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Let Over Lambda Paperback – April 2, 2008
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There are plenty of "wow, that is cool" moments and useful constructs demonstrated, that will probably make it into the reader's toolkit. But of greater importance is the progression in how these are delivered. While not a broad tutorial in Common Lisp (although the reader-macro chapter could serve fairly well in that capacity), Let over Lambda contains an underlying tutorial on the incremental/iterative development of such macros/tools against desired requirements - building up to constructs via interim revisions and explanations.
A book involving Lisp has little choice but to stand on the shoulders of giants, and by necessity these are frequently referenced and cited. The most important of these is Graham's "On Lisp" (currently available for free download) - which, while attempting to cover the breadth of the language, is regarded as one of the more advanced texts on macros. Some topics introduced in On Lisp (such as the leveraging of unhygienic macros) are taken much further in Let over Lambda, and combined with other constructs (such as capture/closures) that would have to be described separately in more general purpose tutorial or language overview.
The writing style definitely includes an "attitude" that is partially inherent to the material being discussed and partially from the author's obvious passion (a passion that becomes REALLY obvious in the Forth chapter). Hoyte often highlights the blanket superiority of Common Lisp over all other languages; but to a reader who has put in the time to learn Lisp macrology in enough detail to understand this book, this isn't a particularly large stretch. Also, certain comfortable safety idioms are challenged as being more safeguards for beginners. On several occasions, the reader receives an explanation: "Here is the what and why of adhering to restriction X. Now here are the incredible things that become possible when you break it!" This is demonstrated via unhygienic macros, as well as the broader concept of "duality of syntax" - a definition that evolves throughout the book.
Early in the introduction Hoyte states that macros (in a language that can leverage them) are more than just boilerplate-reduction tools for known simple cases; but that their power represents a sort of "uncharted territory" of immense potential. Certain common (seemingly) ideological arguments (things like lisp-1 vs lisp-2), were laid out against a backdrop of examples and threaded into the theme of the entire book. While often going out on a limb, the author makes his case.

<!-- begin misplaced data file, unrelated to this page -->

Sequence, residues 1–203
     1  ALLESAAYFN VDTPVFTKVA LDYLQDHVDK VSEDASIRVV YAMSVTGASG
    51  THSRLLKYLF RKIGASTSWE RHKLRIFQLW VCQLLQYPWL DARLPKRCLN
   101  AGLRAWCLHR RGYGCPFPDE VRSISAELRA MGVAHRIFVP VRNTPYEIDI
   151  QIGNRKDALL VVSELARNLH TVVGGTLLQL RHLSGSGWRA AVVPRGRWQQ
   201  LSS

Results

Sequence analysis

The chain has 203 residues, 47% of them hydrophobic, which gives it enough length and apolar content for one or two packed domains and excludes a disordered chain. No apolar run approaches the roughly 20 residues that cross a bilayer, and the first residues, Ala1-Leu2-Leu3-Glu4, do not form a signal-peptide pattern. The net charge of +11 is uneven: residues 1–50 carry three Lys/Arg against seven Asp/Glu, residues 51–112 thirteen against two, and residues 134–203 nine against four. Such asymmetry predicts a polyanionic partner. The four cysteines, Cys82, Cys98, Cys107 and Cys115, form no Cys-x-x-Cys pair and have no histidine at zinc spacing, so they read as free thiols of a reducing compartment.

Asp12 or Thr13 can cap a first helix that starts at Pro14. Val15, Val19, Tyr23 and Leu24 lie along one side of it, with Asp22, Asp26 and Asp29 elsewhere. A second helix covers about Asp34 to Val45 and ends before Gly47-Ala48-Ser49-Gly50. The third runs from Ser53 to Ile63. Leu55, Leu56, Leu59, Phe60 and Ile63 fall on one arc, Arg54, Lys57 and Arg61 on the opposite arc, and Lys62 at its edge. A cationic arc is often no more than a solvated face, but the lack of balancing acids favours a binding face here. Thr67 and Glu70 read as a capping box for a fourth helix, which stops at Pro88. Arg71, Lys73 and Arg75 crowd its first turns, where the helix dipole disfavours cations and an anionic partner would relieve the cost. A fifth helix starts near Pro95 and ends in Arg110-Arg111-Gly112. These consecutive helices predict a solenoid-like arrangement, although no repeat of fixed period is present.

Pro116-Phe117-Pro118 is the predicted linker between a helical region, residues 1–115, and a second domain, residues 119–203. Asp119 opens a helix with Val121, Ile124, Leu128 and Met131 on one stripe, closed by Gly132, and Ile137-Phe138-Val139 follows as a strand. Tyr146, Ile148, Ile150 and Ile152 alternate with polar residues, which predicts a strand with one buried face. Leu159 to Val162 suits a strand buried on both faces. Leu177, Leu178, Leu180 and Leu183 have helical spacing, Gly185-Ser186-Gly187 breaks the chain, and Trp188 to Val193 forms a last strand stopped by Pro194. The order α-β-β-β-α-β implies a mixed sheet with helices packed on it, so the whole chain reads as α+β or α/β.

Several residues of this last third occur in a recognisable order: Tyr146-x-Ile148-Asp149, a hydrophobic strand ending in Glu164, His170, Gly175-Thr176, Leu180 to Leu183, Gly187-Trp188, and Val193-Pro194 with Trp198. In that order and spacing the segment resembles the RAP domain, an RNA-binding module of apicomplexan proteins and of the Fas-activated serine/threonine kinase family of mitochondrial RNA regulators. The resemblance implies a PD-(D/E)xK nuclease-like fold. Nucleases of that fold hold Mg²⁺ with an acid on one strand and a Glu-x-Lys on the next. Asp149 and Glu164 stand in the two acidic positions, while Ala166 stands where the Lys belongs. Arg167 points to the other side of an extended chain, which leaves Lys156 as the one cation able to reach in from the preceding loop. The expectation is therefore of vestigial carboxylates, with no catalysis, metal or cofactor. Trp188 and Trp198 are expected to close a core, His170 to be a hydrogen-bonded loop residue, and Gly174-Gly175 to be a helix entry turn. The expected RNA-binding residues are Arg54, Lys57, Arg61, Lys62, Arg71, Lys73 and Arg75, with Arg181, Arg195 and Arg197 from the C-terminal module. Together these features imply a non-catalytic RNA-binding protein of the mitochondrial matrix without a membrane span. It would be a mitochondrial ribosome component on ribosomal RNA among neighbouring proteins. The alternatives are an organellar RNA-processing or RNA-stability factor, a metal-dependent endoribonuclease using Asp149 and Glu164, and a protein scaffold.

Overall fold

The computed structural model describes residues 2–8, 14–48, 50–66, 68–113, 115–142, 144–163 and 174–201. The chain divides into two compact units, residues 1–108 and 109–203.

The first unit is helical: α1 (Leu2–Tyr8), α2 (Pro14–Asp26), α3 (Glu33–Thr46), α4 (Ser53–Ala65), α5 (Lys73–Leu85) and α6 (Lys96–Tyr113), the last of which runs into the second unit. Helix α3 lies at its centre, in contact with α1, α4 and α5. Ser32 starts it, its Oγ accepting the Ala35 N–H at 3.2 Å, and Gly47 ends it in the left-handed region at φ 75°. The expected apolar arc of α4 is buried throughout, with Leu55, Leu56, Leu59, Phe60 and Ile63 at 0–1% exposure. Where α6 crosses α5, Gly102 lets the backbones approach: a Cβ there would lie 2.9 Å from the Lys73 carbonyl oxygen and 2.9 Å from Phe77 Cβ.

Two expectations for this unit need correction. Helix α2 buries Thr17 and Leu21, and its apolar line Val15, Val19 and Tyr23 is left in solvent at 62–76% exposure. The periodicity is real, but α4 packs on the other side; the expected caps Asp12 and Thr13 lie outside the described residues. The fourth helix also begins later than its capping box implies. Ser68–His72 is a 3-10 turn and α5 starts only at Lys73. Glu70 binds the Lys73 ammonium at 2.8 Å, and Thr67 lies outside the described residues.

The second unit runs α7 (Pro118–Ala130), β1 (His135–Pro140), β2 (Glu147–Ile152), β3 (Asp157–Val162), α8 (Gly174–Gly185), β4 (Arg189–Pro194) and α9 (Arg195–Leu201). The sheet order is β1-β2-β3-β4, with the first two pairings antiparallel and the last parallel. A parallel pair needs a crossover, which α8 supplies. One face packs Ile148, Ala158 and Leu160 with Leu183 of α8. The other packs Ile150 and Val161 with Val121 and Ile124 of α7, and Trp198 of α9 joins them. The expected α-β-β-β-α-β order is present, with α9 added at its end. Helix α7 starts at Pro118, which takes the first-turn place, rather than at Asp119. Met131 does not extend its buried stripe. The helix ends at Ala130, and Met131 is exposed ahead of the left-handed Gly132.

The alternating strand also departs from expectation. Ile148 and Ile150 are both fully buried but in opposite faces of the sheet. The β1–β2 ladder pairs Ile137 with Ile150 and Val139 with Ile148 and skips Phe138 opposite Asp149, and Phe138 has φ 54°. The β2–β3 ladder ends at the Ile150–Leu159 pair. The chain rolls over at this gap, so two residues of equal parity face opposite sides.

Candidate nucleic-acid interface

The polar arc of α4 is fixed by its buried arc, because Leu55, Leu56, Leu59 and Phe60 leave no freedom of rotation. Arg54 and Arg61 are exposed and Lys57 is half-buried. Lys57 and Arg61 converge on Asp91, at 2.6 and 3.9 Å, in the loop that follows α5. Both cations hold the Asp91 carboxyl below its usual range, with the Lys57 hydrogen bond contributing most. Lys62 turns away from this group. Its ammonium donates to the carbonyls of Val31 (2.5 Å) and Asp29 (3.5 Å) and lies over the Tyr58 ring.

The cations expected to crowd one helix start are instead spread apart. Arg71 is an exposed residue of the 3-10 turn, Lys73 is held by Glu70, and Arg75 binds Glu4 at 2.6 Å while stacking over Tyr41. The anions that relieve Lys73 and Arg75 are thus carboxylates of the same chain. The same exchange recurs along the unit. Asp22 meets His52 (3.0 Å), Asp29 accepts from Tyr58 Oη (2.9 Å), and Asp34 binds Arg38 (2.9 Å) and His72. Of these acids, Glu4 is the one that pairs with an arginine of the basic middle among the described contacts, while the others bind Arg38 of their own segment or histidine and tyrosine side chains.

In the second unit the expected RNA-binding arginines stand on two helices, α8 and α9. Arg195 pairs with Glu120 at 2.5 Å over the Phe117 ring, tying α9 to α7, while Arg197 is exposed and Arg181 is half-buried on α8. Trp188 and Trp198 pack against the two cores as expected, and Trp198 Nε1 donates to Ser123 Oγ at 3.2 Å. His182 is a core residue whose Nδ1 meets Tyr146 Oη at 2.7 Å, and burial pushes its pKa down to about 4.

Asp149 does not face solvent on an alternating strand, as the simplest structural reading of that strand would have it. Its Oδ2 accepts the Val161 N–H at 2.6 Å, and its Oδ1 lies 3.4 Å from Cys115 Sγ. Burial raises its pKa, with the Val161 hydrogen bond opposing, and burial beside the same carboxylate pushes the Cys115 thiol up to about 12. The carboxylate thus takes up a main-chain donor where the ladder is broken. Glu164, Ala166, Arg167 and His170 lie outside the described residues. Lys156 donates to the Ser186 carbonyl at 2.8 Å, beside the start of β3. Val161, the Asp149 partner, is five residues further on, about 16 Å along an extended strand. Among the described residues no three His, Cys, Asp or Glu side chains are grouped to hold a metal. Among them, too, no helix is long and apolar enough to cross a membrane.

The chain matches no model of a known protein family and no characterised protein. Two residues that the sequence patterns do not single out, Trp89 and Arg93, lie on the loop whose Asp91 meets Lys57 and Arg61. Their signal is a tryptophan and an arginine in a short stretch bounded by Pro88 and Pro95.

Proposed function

I was inspired by this book.
In the first couple of chapters, the author shows examples of assembler, C and Lisp, mostly in preparation for introducing lexical closures.
Closures, it turns out, are generated easily in Lisp by using the construction "let over lambda".
Regarding closures, I agree with the author that most of us have been left "with the inaccurate impression that closures are only good for toy examples like counter." But in fact, "closures are the building blocks of Lisp. Environments, the functions defined inside those environments, and macros like defun that make using them convenient, are all that are needed for modelling any problem." And in fact, the author's aim is "to stop beginning Lisp programmers . . . from . . . reaching for systems like CLOS." Yes, CLOS offers certain things, but ". . . do not use [CLOS] when a lambda will suffice."
If you're like me, you find all this very refreshing and stimulating.
From pages 31-37, the author deftly shows how objects are collections of procedures and associated state, and how the entire object infrastructure is easily derived from the lexical closure, otherwise known as "let over lambda," and combinations of "let over lambda over let over lambda." The ease and power with which this is demonstrated is breath-taking.
A couple of more quotes: "Object systems are a formalisation of a subset of let and lambda combinations, sometimes with gimmicks like inheritance bolted on (footnote 10: Having macros is immeasurably more important than having inheritance.)"
"Once assignable value cells and good old lambda expressions are available, object systems are, at best, occasionally useful abstractions and, at worst, special-case and redundant."
As I indicated, I have not finished the book, but the first couple of chapters have given me plenty to consider. I highly recommend this book.
Most recent customer reviews
Hoyte must have spent years preparing the material, and it shows in the presentation.Read more
Author must be true lisp lover.Read more